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"Discretionary" generally means voluntary, not subject to a fixed set of rules nor pursuant a pre-established formula which must be followed. It permits the exercise of judgment rather than compelling precise adherence to an objectively fixed procedure.

None of that guarantees perfection, excellence or "fairness" of any kind. Remember that equity usually implies identity while fairness simply means "what I want".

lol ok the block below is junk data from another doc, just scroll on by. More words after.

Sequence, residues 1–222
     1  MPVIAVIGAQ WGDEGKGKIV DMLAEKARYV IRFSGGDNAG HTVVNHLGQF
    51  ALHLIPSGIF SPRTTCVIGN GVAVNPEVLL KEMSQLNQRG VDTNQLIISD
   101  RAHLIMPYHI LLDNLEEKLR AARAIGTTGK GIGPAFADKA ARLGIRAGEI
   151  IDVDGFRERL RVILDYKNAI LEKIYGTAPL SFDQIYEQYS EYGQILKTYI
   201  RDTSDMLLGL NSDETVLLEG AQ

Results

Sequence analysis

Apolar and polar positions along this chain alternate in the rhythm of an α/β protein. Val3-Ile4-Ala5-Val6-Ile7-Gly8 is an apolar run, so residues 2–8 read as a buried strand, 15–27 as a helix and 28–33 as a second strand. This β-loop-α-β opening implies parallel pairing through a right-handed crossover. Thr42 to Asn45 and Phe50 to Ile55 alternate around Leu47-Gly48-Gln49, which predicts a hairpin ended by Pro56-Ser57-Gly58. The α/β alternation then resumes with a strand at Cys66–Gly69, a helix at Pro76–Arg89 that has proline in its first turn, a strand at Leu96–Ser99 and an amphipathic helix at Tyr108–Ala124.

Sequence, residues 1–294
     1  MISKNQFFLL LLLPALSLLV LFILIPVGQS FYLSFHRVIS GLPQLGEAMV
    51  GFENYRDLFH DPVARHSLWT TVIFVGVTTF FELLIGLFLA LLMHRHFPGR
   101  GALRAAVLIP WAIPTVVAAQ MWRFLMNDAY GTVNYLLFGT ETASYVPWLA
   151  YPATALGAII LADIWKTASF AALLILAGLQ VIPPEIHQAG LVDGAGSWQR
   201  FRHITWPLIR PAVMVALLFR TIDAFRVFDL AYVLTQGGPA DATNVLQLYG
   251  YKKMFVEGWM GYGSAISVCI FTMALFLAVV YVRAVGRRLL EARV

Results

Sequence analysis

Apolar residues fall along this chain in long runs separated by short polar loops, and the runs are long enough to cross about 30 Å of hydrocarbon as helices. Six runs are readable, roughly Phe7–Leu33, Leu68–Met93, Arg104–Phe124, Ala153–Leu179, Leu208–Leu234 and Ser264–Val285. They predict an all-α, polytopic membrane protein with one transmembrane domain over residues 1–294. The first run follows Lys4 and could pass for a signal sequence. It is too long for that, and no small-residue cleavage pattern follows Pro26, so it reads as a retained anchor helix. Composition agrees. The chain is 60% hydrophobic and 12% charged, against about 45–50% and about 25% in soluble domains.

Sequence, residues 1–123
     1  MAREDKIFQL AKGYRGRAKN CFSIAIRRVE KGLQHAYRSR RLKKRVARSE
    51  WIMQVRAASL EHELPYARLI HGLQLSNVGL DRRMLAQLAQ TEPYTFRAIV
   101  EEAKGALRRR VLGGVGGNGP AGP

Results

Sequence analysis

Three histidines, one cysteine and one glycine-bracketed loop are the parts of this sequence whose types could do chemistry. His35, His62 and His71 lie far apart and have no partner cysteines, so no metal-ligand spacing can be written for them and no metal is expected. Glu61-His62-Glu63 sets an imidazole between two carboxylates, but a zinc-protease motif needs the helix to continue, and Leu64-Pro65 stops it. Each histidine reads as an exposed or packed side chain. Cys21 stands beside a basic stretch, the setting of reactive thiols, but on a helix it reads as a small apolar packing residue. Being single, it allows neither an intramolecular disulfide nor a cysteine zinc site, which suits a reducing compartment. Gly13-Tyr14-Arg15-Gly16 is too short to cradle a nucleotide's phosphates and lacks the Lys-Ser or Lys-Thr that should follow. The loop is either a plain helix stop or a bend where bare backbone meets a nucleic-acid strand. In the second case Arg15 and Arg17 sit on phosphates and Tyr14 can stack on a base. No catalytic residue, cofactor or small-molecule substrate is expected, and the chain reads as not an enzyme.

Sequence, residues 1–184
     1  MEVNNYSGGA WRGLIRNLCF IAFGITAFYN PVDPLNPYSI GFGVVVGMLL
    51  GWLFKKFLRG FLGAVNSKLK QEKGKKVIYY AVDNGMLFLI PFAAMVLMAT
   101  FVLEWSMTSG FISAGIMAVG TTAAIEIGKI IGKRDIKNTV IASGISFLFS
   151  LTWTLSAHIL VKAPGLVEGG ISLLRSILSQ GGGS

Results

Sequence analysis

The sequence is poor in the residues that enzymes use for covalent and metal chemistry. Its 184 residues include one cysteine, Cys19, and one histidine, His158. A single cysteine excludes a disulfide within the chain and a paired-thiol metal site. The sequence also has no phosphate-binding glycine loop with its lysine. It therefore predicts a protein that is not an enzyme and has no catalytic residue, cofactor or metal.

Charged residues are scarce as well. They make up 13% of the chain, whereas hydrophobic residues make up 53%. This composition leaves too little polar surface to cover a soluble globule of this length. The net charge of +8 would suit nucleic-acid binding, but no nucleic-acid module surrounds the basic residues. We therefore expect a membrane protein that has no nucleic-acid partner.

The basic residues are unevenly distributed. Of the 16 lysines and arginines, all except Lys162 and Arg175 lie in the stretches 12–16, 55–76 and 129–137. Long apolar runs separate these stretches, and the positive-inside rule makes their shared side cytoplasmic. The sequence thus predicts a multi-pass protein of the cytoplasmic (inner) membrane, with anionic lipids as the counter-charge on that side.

Dan is completely correct that discretionary can be discriminatory: unconstrained choices will usually involve distinctions based on subjective criteria. Teaching supervisors how to manage performance is ALWAYS a good idea... even if it does not guarantee perfection.

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